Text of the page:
Dismiss
Announcing Stack Overflow Documentation

We started with Q&A. Technical documentation is next, and we need your help.

Whether you're a beginner or an experienced developer, you can contribute.

Sign up and start helping → Learn more about Documentation →

I'm using the following vb.net code to run an external command line application and read back its output:

Public Shared Function Execute(ByVal command As String, ByVal params As String, ByVal workingdir As String) As String
    psi = New ProcessStartInfo(command)
    psi.WorkingDirectory = workingdir
    psi.RedirectStandardOutput = True
    psi.WindowStyle = ProcessWindowStyle.Hidden
    psi.UseShellExecute = False
    psi.CreateNoWindow = True
    psi.Arguments = params
    proc = Process.Start(psi)
    Dim myOutput = proc.StandardOutput
    proc.WaitForExit() 'Problem is here!!!!!!
    Dim ret = myOutput.ReadToEnd
    Return ret
End Function

This code has worked perfectly for several applications... until now. The problem is this: I'm now using it to run "aapt.exe" (a tool that gives you info on android apk applications) on a bunch o files, and the code gets stuck (never returns) in the point I commented but only on 3 particular files out of a total of 81

Of course my first thought was that the external program was failing/getting stuck on those particular files, but I tested the same command manually from a command prompt and it works perfectly! Furthermore: i added a timeout to the code, like this:

    proc.WaitForExit(10000)

And in this case the process returns (obviously) but what is interesting is that the output is correct and complete! This implies that the external program is running correctly until the end, so why doesn't the process return on its own?? Is there any feasible way to debug this?

Thanks

EDIT: After hours of testing, I came to the conclusion that the problem lies in the "RedirectStandardOutput" option. No matter which order I execute/read it it hangs on some executions. I didn't find a proper solution to this, I implemented a (horrible) workaround where I disable stdout redirection and instead output the stdout to a file, then immediately re-read it in my code when the process terminates (it does terminate properly this way at least). Not an elegant solution, and I'd still like to get to the bottom of this, so I'm leaving the question open if anyone has better ideas than mine.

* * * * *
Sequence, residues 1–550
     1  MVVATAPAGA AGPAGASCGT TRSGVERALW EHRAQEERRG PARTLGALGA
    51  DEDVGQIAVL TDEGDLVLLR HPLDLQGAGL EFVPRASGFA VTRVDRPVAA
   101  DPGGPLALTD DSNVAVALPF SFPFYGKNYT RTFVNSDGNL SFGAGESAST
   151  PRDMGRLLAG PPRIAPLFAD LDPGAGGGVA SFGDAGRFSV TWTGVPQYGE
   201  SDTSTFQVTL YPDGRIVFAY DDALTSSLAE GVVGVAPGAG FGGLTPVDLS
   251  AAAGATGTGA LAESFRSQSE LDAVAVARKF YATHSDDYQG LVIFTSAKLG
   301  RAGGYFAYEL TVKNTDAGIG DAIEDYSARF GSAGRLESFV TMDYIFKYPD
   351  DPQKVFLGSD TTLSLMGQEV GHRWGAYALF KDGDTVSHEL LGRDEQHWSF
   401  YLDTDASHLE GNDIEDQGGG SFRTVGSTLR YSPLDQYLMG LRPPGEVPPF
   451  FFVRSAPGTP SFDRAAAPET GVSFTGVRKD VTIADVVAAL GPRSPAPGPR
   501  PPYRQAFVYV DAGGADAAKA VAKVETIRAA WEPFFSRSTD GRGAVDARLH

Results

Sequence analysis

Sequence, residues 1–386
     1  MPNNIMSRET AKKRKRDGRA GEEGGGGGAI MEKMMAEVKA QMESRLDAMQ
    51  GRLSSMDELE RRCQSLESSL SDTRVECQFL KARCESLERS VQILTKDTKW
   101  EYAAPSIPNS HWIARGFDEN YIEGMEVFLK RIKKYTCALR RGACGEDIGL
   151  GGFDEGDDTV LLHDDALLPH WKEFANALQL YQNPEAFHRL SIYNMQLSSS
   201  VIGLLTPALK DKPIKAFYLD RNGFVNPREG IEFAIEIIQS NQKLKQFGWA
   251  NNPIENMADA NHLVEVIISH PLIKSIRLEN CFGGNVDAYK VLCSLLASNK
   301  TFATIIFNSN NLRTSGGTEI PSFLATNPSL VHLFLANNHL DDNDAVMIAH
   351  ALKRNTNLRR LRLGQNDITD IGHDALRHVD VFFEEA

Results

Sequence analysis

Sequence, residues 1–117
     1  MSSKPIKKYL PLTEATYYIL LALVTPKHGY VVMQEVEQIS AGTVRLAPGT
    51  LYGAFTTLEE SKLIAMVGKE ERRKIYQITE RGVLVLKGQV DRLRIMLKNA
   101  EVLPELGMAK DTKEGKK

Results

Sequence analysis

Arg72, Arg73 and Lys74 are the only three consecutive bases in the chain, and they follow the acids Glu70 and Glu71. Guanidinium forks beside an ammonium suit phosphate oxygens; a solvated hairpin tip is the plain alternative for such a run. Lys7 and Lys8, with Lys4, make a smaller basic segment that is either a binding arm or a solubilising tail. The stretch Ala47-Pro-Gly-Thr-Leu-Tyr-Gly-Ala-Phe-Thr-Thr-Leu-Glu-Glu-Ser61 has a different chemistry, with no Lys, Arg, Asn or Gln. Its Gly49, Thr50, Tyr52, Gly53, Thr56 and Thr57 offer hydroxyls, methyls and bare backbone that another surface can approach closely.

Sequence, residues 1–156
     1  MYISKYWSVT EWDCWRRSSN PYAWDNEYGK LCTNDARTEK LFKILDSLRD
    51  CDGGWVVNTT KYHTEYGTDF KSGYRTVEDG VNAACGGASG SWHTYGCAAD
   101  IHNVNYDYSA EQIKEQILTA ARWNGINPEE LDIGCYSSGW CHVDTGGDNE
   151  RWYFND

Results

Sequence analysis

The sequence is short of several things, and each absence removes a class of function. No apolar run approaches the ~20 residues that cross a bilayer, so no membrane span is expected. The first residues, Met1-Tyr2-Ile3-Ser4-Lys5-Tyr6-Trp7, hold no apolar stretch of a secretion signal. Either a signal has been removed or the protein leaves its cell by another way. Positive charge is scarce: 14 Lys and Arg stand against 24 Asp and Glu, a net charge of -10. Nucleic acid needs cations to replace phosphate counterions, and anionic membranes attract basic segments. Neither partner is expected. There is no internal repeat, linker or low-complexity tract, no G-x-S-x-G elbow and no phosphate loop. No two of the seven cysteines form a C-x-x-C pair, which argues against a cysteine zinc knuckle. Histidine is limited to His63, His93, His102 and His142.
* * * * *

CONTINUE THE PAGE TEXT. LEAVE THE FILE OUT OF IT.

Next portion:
share|improve this question
    
Have you tried running the program on one of those problem files (from the command line) to see if its behavior is any different from when run with one of the non-problem files? Perhaps the program is hanging after doing all of the processing. – Jim Mischel Aug 27 '13 at 16:47
    
@Jim: yes, read all my question, as I state: runs perfectly from the command line. – Master_T Aug 27 '13 at 16:50
    
What are the names of the files that fail? Are those file names passed in the params argument? – Matt Aug 27 '13 at 17:15
    
@Matt Yes. The ones that fail are: Contacts.apk, LatinIME.apk, Settings.apk I even looked at the output manually, but it seems no differen than on the other files... – Master_T Aug 27 '13 at 17:21

I think you probably just need to call Dim ret = myOutput.ReadToEnd before proc.WaitForExit(). MSDN warns about a deadlock from calling WaitForExit() first: "A deadlock condition can result if the parent process calls p.WaitForExit before p.StandardOutput.ReadToEnd and the child process writes enough text to fill the redirected stream. The parent process would wait indefinitely for the child process to exit. The child process would wait indefinitely for the parent to read from the full StandardOutput stream." So I'm guessing those 3/81 files just have more output than the others.

share|improve this answer
    
Nope, that's not the problem, I tried inverting and it's the same. Also: there are several other files that generate more output than the problematic three. – Master_T Aug 27 '13 at 17:45

Have you tried adding /C parameter to the end so it will return after exiting. e.g. cmd /C " "abc.exe" "

Here "/C" is important it tells command prompt to exit after it is done.

share|improve this answer

Your Answer

 
discard

By posting your answer, you agree to the privacy policy and terms of service.

Not the answer you're looking for? Browse other questions tagged or ask your own question.